Friday, November 16, 2012

The Breaking of Spirit

I recently heard a story relaying the negative effects of too much screen-time (phones, laptops, tablets, etc.) on family dynamics. The author interviewed talked about walking past playgrounds seeing parent after parent benching-out on their iPhones and Blackberries while their kids played. It struck a huge chord...I do this this all the time. With the new little one, even sans phone, spending QT in the sandbox has been difficult and I have been beating myself up about it. Yet, today, I realized that the bench can, at times, be the best seat in the gravel/wood chips.

As I sat at our picnic table cleaning up the half-eaten chicken nuggets that were left in the wake of looming slides and swings, I caught my little man playing in the sandbox. He sat down with a shovel, a rake, and 2 buckets readying himself for the "kycraper" (skyscraper) in his near future. A little girl approached...

"Can I play?" she asked.
"Oh...sure!!"he replied immediately handing her a shovel and bucket- half of his trusty tools without a second thought. He then began to fill her in as to the construction project he was currently undertaking. You see, he said, "This is going to take teamwork." And off they went, playing, shoveling, laughing, and sharing their shovels, rakes, and prompts to share or to include. Just two little people exercising their innocence.

It was one of those serendipitous mom moments that make all maternal hearts go pitter-patter. My kid rocks, I thought. But then I thought further. Yes, yes he does...rock...but there was something more. Some bigger reality, an inclination towards the a simple shovel share. Something lives inside his little heart that is bigger than anything I could teach or bigger than just he could be.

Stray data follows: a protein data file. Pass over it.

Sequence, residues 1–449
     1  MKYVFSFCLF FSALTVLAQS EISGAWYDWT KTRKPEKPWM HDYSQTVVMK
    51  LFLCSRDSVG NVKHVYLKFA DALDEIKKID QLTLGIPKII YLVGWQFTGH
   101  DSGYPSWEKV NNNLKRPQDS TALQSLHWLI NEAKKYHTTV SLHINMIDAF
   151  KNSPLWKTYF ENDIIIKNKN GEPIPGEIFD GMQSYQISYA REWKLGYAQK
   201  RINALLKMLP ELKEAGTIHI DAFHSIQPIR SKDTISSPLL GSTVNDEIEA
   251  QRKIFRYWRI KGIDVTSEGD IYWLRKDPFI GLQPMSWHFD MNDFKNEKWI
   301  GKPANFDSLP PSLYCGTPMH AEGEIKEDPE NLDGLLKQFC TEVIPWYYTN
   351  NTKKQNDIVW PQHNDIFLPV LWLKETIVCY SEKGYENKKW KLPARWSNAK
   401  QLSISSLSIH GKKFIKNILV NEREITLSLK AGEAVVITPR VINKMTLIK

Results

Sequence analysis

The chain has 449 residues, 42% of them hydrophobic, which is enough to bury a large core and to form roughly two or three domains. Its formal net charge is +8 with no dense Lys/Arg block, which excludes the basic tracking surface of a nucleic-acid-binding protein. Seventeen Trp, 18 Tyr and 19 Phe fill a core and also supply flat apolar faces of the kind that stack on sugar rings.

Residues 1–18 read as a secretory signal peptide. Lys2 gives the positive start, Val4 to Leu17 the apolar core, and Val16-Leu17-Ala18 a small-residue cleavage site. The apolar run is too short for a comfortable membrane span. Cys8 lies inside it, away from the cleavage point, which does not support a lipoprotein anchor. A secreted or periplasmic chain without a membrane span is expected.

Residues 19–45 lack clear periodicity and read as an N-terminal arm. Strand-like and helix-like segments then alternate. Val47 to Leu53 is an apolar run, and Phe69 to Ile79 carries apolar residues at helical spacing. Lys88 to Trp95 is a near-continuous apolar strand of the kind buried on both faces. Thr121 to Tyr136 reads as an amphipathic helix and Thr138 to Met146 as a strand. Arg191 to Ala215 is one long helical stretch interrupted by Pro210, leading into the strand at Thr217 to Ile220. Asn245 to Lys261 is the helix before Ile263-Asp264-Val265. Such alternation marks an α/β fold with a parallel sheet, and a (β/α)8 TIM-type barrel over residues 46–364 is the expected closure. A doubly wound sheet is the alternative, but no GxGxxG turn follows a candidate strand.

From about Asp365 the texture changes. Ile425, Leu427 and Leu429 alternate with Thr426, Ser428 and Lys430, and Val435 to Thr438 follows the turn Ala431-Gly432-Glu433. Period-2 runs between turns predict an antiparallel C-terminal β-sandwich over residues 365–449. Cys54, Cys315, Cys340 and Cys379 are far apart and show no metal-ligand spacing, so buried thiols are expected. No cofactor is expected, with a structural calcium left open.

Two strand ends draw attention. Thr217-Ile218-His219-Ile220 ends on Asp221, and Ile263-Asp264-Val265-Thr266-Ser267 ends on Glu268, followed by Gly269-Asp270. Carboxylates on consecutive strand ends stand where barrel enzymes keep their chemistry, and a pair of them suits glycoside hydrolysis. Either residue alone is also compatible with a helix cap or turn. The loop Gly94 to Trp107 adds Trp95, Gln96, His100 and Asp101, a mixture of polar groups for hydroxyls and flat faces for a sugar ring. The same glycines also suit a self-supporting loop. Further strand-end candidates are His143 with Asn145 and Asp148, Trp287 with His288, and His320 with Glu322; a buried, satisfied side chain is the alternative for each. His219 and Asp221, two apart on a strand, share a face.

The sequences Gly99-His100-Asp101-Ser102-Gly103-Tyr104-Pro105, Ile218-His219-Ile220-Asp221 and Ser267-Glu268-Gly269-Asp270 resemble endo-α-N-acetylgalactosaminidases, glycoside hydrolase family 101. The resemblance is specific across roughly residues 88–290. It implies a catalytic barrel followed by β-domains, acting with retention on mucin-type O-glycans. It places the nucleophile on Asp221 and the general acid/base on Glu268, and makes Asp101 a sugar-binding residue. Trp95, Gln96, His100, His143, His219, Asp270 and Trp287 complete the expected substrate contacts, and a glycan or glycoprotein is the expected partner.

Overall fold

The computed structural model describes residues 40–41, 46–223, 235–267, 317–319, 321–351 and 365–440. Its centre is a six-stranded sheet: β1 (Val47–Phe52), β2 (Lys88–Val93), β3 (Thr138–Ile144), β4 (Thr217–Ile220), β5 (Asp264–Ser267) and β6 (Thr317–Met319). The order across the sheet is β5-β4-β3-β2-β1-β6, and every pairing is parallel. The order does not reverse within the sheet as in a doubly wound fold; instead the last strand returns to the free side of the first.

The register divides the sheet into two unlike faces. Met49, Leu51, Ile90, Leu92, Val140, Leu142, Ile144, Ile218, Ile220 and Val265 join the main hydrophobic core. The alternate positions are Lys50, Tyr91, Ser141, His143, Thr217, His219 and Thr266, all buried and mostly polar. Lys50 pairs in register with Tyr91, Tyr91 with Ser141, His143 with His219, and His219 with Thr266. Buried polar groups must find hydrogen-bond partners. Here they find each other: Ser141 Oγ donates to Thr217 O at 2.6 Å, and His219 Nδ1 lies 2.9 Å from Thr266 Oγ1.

Which got me thinking...

At some point something changes, a switch is flipped. Suddenly, sharing equates to an inability to acquire, self comes before all else, and a mentality that puts others first often results in ostracism or a perception of weakness. My two and half year old showed today, when no one was directing his behavior or guiding his choices, that written in the depths of his heart was to share- who he was and what was his. Innately, he welcomed others with open arms, knowing that the trials of this life require "teamwork."

At what point does our natural inclination to share a shovel, no questions asked, turn? In the wise words of Blessed John Paul II, "When freedom does not have a purpose, when it does not wish to know anything about the rule of law engraved in the hearts of men and women, when it does not listen to the voice of conscience, it turns against humanity and society."How do we defend natural capacity to serve others so that our children can do better, be better? I am open to suggestions...because this mother of two would give away her blessed shovel to anyone who can preserve my children from the unavoidable truth of individualism.

Yet, here is where my story I could choose to dwell in the hard reality that some day the odds shout that my child, your child, all children in our beloved country of excess will look at the little girl asking to play and respond with a resounding "No." And I could sit a bemoan the fact that, at some point, all good things come to an end-- eventually that shovel will be prized and objectified rather than shared. But instead, I am going to revel in the smile I saw beam across the face of a little girl when my little man opened his heart and his sandbox. A smile that could inspire a nation to discover purpose, voice conscience, and desire the greater good. A smile that could change hearts and maybe even allow my little man's to remain in that unadulterated place. 

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